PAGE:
Unsuk Chin

Sibelius prize winner 2017

Unsuk Chin was born in 1961 in Seoul, South Korea.  She studied with Sukhi Kang in Seoul and with György Ligeti in Hamburg, and she has lived in Germany since 1985. Her music has attracted international conductors including Simon Rattle, Esa-Pekka Salonen, Kent Nagano, Gustavo Dudamel, Alan Gilbert, Myung-Whun Chung, Susanna Mälkki, David Robertson, Jukka-Pekka Saraste, Leif Segerstam, Markus Stenz, Hannu Lintu, Peter Eötvös, Jakub Hrůša, George Benjamin, and François-Xavier Roth. Chin has received many honours, including the 2004 Grawemeyer Award for Music Composition for her Violin Concerto, the 2005 Arnold Schoenberg Prize, the 2010 Prince Pierre Foundation Music Award, and the 2012 Ho-Am Prize.

She has been commissioned by leading performing organizations and her music has been performed at major venues throughout the world by orchestras including the Berlin Philharmonic, New York Philharmonic, London Philharmonic Orchestra, Chicago Symphony Orchestra, Leipzig Gewandhaus, Los Angeles Philharmonic Orchestra, BBC Symphony Orchestra, Boston Symphony Orchestra, City of Birmingham Symphony Orchestra, Orchestre Philharmonique de Radio France, Philharmonia Orchestra, Finnish Radio Symphony Orchestra, Swedish Radio Symphony Orchestra, Montreal Symphony, Gothenburg Symphony, Bergen Philharmonic, Bamberger Symphoniker, Sao Paulo Symphony, SWR Symphony Orchestra and Melbourne Symphony.

In addition, Unsuk Chin has been active in writing electroacoustic music, receiving commissions from IRCAM and other electronic music studios.

She has been Composer-in-Residence of the Lucerne Festival, the Festival d‘Automne, Stockholm International Composer Festival, Deutsches Symphonie-Orchester Berlin, the Cologne Philharmonic’s Eight Bridges festival and the Seoul Philharmonic Orchestra, among others. In 2007, Chin’s first opera Alice in Wonderland was given its world première at the Bavarian State Opera as the opening of the Munich Opera Festival and released on DVD by Unitel Classica.

Upcoming projects include a new orchestral work for Berlin Philharmonic and Sir Simon Rattle (to be premiered in November 2017 in Berlin and performed on Berlin Philharmonic’s Asian tour) as well as a new work for Anne-Sophie Mutter.

Since 2006, Chin has overseen the contemporary music series of the Seoul Philharmonic Orchestra, a series which she founded herself. Since 2011, she has served as Artistic Director of the ‘Music of Today’ series of the Philharmonia Orchestra in London. In 2016, Chin was appointed Artistic Advisor of the Seoul Philharmonic. Portrait CDs of her music have appeared on Deutsche Grammophon, Kairos and Analekta. Unsuk Chin’s works are published exclusively by Boosey & Hawkes.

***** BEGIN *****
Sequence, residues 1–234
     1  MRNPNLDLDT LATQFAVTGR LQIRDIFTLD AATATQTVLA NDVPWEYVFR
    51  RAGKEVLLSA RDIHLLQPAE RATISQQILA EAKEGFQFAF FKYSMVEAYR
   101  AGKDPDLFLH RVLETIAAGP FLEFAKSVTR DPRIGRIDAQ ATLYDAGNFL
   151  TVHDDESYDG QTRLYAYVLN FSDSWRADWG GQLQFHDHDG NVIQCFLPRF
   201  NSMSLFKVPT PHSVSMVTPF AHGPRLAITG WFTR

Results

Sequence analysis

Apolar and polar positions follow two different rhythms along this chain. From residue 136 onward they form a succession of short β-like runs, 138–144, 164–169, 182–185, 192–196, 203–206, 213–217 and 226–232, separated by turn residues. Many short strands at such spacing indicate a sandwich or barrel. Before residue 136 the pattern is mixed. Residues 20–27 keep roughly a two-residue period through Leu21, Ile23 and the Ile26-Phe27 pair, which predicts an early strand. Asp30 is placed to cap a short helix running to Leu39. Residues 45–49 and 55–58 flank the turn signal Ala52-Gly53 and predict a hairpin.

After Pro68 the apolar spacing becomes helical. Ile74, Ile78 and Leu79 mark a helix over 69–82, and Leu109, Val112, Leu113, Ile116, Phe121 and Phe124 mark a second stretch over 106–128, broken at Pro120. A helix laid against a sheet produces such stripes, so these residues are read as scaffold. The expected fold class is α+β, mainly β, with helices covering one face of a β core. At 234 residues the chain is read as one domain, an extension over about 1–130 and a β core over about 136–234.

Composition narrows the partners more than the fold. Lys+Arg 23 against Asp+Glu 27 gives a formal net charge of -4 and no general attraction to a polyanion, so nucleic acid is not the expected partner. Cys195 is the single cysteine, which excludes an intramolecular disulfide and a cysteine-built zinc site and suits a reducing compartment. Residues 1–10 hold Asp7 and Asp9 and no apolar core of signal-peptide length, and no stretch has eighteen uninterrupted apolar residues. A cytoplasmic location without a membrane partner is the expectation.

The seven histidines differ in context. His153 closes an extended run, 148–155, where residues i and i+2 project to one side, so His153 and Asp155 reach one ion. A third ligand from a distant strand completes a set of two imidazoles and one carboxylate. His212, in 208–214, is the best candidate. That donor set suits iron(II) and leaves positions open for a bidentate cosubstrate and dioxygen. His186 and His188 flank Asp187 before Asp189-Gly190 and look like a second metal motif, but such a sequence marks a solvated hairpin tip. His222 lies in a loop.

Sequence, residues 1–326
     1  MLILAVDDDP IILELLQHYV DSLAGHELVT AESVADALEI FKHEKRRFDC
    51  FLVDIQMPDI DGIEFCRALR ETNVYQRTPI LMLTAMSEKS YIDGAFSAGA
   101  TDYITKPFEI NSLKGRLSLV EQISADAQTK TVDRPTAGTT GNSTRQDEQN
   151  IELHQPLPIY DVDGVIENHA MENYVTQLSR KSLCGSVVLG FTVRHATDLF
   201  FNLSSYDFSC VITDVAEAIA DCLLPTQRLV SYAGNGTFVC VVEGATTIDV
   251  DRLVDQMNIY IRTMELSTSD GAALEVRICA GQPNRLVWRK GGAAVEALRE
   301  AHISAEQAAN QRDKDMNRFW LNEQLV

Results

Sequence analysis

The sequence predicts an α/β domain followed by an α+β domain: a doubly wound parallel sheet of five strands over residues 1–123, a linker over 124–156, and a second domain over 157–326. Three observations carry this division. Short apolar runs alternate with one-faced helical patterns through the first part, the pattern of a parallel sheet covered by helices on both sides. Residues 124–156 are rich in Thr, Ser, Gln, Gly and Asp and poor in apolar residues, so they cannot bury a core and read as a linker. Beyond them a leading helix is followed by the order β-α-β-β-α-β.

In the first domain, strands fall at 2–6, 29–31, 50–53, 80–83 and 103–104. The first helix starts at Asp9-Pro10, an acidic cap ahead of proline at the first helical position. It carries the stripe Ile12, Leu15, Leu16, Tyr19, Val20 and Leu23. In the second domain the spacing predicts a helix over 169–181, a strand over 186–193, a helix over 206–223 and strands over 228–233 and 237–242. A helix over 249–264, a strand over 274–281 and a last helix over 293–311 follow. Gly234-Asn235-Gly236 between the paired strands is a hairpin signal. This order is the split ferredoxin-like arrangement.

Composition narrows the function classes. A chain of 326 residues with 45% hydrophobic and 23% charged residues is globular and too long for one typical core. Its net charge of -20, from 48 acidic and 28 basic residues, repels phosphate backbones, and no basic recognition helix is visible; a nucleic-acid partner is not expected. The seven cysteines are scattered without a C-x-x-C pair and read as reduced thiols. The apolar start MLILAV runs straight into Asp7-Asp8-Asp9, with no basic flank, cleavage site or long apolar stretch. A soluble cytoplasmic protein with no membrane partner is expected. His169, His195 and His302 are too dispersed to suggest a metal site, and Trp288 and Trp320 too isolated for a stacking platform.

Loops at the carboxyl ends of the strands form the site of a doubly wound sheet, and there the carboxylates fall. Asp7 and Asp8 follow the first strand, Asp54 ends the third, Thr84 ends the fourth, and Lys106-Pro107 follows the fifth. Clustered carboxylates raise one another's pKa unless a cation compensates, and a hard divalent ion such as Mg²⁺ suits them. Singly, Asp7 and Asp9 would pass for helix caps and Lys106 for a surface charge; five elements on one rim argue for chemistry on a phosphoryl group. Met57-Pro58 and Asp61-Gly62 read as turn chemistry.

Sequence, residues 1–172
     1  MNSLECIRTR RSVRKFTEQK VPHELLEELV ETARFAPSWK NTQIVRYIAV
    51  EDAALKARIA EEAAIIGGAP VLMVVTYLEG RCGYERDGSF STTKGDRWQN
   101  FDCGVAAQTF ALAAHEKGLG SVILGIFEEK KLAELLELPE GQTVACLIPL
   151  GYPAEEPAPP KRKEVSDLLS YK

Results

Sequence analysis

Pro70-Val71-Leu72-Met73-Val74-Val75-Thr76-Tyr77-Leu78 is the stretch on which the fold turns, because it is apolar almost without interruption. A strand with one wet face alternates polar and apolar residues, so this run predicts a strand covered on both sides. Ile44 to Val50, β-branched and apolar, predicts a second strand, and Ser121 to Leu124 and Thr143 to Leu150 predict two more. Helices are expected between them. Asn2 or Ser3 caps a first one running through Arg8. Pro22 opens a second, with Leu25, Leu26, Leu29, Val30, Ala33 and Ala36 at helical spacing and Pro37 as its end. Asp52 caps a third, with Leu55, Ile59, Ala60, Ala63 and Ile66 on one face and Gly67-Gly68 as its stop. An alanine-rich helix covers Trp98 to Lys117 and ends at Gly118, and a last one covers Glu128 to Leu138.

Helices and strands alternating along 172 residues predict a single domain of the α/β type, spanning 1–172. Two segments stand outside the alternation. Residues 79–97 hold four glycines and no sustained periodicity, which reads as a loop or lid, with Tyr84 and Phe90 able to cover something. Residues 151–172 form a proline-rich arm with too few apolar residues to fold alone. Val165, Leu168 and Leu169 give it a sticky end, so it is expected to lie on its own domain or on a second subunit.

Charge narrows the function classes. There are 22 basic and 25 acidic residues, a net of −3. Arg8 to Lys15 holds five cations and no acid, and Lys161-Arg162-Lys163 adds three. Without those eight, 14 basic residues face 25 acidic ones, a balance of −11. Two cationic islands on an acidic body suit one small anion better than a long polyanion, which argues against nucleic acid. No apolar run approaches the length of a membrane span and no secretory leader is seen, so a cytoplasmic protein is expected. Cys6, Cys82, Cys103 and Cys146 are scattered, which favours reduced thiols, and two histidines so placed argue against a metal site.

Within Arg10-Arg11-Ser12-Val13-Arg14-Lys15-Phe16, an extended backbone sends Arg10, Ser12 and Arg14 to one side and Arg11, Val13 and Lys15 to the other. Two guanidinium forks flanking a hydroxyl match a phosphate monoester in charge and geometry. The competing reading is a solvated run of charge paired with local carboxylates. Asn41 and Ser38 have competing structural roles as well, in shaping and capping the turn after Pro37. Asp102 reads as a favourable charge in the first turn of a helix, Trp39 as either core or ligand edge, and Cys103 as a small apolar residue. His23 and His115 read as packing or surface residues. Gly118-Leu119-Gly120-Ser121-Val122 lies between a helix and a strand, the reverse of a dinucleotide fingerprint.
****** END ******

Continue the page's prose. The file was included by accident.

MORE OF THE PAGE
The music of Unsuk Chin eludes the attempt at a stylistic of geographical classification: it draws on a variety of sources, but in unheard-of ways. Chin considers music as fluid architecture and has frequently likened it to the paradoxical world of dreams or of quantum physics. Her music is modern in language, but non-doctrinaire in communicative power, and she has strong ties both to the new music scene as well as to the broader classical music circuit.

“To compose I need to be in no-man’s-land. I need a lonely heart for that”, Chin describes her creative process.

Chin is, in her own words, obsessed by virtuosity, and her catalogue of works contains a number of concertos for violin, piano, prepared piano and percussion, cello, clarinet and for sheng, as well as an ongoing series of Piano Etudes.

A number of works feature a programmatic aspect and introduce a wide range of cultural allusions: Le Silence des Sirènes draws on Homer, Joyce and Kafka, cosmigimmicks on the art of pantomime and on Beckett, whilst Mannequin refers to Bruno Schulz and E.T.A.Hoffmann, Graffiti to street art, Rocaná to Olafur Elíasson’s installations, Cantatrix Sopranica to the theatre of the absurd and to Oulipo. Chin’s most recent two works, Chorós Chordón as well as Le Chant des Enfants des Ètoiles are inspired by modern physics, cosmology and by poetry from Blake to Manner.

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